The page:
Jokes have worlds. Even something as superficially simple as — “What did the big chimney say to the little chimney? You’re too young to smoke” — requires a complex understanding of chimneys, cigarettes, smoke, age difference, and the fact that young people aren’t meant to smoke etc. etc. The words make sense within what Wittgenstein called an “accustomed context”, a kind of “world picture” in which certain social norms apply, in which things generally do certain things and behave in certain ways — and within which there’s another smaller “language game” of jokes in which chimneys can speak and offer advice. If someone said to you, as if calmly imparting some information about what had just happened, “I was speaking to a chimney this morning and it told me I should change my haircut”, you’d either think it was a very dry joke which didn’t really work, or that they’d gone mad.
There are deeper absurdities lurking in the “too young to smoke” joke: that a chimney, the sole function of which is to smoke, is being told it shouldn’t smoke. Smoking is its one job — it’s is like a lampshade being told not to shade the lamp. Or that the same correlation between size and age that applies to humans applies also to chimneys — which obviously it doesn’t. The small chimney might be a hundred years older than the big one. Or that a chimney’s youth should have anything to do with whether it should be allowed to smoke. A chimney is much more like to be too old and tumbledown to smoke than be too young. These complexities, which you can find by scratching at the surface of a superficially simple joke, don’t have much to do with how the joke actually works, except that they’re part of the texture of absurdity of the world in which these two chimneys are having this conversation.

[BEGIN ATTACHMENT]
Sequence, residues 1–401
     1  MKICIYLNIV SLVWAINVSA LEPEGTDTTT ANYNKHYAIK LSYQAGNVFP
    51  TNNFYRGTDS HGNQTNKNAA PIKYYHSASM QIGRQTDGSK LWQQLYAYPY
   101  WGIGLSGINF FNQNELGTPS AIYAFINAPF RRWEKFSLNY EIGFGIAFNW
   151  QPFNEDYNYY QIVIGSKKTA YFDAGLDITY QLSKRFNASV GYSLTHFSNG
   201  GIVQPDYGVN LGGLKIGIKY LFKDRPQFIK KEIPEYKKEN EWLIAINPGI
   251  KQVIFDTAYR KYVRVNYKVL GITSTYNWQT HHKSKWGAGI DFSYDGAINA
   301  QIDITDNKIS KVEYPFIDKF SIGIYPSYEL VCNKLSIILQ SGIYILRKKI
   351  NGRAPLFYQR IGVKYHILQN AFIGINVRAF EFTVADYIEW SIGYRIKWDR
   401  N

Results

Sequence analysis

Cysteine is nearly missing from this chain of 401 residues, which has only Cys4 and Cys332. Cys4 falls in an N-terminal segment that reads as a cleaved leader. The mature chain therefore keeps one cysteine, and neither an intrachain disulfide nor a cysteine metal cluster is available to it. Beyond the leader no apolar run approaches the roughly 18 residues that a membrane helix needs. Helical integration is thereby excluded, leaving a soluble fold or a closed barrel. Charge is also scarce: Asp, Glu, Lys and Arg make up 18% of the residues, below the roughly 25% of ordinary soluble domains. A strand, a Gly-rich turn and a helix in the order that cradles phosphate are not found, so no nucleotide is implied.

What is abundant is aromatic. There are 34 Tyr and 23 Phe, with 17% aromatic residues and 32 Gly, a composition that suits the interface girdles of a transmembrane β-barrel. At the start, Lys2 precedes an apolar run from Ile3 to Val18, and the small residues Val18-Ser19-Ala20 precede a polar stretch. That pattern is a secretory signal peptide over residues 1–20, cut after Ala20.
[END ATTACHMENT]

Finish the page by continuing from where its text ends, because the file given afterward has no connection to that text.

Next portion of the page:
The generally understood, everyday world of chimneys and smoking (and jokes) in which the “too young to smoke” joke functions is what Wittgenstein would call its “assumed context” — the joke requires a “world picture” of things and behaviours and expectations in order to function — and then it goes about playing with and subverting these assumptions.
At the most basic level of context, the joke is being told in words in a particular language (which is part of the world in which it’s embedded) and the words have to make sense. If the joke is a pun it relies wholly on the specific character of the language in which it’s being expressed. For example: “What do you get if you cross a sheep and a kangeroo? A woolly jumper.” Translate that into another language — and chances are the dual meaning of “jumper” will evaporate, the joke will vanish, and you’ll end up saying something baffling about a knitted pullover.
There are some jokes with a tough enough comic skeleton to survive translation. There’s a joke in the ancient Greek joke book Philogelos which is used centuries later by the historian Macaulay. The ancient version is: “A professor nearly drowned while swimming; he swore that he would not enter the water again, before first learning how to swim well.” In the 1851 update, Lord Macaulay refers to: “The fool in the old story, who resolved not to go into the water till he had learnt to swim.” The absurdity of wanting to learn to swim on dry land (where swimming is a thing you can only learn to do by doing it) is not language dependent. It still requires a general understanding of how you learn to swim, but it’s a great deal more stripped-down. It relies for its humour more on the internal logic of the statement.